Dollar Trades Higher Ahead of US Data

Currencies are treading quietly ahead of Tuesday’s heavy U.S. economic calendar. This is a busy week for U.S. data and the most important release on the calendar will be tomorrow’s retail sales report. Economists are finally looking for a rebound in consumer spending after 3 consecutive months of weakness. We haven’t seen this long of a stretch in negative retail sales growth since the recession in 2008. While there is very little momentum in the U.S. recovery, the economy is still growing with the labor market rebounding last month. As a result, we would surprised if retail sales did not turn positive in the month of July. Along these same lines, food and gasoline prices also increased last month, which should contribute positively to retail sales values. More companies in the sector also beat than missed their sales forecasts. However since economists are looking for a rebound in spending, a softer release would have a much larger impact on the U.S. dollar. Producer prices on the other hand should rise as the increase in food prices begins to push inflationary pressures higher. Yet any impact on the dollar should be limited because this week’s economic reports are not expected to be a game changer for the Federal Reserve. The U.S. central bank is worried about jobs and the question of more stimulus hinges on only two things –the pace of job growth and Europe. The increase in retail sales is only expected to be nominal.

GBP: Mourning the End of a Much Needed Period in Spending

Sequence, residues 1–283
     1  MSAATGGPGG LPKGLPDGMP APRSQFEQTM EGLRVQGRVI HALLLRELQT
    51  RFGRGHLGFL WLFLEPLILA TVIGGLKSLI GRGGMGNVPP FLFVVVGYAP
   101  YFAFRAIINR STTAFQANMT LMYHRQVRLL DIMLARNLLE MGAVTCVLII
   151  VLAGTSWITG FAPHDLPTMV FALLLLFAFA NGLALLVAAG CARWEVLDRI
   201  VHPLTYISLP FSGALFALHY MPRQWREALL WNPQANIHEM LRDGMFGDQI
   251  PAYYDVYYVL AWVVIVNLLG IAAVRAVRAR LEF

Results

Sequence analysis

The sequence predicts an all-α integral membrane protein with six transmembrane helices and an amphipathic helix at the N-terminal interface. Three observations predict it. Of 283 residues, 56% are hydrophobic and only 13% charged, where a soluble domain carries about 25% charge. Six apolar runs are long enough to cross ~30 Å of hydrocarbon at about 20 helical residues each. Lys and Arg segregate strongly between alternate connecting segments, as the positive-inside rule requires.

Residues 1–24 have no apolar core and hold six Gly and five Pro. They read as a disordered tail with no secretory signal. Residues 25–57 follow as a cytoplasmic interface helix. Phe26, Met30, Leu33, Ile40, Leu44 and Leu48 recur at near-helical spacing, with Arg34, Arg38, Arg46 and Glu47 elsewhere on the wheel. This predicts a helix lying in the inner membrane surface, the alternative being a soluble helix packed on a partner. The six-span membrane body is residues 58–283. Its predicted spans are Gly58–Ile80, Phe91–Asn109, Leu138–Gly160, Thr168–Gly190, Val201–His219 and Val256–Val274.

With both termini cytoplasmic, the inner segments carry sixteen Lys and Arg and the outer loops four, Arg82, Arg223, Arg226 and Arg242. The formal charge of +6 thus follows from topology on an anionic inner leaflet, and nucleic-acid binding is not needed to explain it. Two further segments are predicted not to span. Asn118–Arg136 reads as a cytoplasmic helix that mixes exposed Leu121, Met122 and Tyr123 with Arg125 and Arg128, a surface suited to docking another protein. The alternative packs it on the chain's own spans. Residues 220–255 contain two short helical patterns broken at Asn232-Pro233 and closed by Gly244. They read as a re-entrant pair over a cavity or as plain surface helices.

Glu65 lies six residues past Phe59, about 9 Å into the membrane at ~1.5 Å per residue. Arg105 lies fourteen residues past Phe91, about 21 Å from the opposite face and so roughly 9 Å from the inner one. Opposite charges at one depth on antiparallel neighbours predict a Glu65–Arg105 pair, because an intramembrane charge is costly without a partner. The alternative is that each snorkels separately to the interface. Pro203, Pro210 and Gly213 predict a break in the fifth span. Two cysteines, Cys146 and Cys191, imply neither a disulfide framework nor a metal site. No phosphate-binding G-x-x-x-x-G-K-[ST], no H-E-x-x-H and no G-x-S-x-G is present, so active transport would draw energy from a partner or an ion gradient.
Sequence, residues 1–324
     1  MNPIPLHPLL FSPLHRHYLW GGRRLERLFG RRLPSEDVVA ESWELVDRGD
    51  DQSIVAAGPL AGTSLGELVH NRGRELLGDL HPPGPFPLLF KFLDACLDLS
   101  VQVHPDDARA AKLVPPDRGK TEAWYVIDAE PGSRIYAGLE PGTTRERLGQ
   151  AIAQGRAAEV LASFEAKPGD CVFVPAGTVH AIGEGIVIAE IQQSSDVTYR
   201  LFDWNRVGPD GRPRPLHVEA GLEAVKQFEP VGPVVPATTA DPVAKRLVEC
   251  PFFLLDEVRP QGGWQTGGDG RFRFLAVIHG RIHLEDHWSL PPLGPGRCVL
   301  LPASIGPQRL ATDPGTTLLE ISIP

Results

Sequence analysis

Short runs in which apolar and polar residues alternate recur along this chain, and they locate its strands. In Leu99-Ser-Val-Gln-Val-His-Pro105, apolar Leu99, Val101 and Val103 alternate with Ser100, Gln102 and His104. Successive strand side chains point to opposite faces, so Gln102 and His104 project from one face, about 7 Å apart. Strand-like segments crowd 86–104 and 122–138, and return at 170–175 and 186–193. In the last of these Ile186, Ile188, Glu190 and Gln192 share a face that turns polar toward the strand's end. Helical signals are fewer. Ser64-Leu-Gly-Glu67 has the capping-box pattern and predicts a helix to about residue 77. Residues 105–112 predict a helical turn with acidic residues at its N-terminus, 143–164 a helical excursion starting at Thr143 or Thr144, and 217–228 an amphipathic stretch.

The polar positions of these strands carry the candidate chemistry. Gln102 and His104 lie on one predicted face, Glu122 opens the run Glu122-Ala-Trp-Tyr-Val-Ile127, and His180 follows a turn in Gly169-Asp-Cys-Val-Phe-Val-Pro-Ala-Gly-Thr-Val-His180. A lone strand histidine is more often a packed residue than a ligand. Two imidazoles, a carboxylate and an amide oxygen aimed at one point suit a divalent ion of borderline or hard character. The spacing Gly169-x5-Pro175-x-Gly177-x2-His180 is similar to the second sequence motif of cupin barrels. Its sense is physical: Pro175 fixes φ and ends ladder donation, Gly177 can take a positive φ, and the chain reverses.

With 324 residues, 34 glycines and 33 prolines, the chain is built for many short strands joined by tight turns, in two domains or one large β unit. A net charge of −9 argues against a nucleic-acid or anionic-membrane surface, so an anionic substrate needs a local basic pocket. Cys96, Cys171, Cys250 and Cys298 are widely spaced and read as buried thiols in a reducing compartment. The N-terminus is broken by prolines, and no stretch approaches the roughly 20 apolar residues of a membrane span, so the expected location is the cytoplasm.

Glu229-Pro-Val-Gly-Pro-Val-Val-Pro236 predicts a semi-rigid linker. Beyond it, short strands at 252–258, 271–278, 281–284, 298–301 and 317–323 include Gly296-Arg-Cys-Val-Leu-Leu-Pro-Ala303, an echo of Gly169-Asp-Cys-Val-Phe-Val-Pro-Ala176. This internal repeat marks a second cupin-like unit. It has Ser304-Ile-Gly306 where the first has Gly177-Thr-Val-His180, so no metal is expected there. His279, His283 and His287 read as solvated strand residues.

The Olympics is over and tourists are beginning to leave the hustle bustle of London. For the U.K., the end of the summer games means the end of a much needed period of increased spending, tourism and economic activity. Britain now remains quiet, just like the price of the British pound, which held steady against the U.S. dollar. While sterling sold off against the euro and Swiss Franc, its weakness is largely attributed to strength in other currencies. Bank of England Governor Mervyn King said the UK must focus on reforming its banking industry and reiterated his dovish outlook for the Eurozone which is one of the main factors holding back UK’s economy. He noted, “If the rest of the world were growing normally, the rebalancing and recovery of our economy would be much easier. But it isn’t. Even the rapidly expanding emerging-market economies are slowing, and the problems of the euro area continue with no obvious end in sight.” King said that while the Olympics may boost confidence, they “cannot alter the underlying economic situation we face. But it is slowly healing.” King also noted that, “conditions are in place for a recovery” and that the BOE is “doing all we can to help bring it about.” Policy maker Adam Posen who will step down at the end of the month urged its bond purchasing program to buy private sector assets. He said, “As long as the central bank isn’t monetizing government debt in the primary market then I don’t think it matters that much what assets the central bank acts on.” Consumer prices are due for release tomorrow and inflationary pressures are expected to drop by 0.1%, compared to a decline of 0.4% the previous month.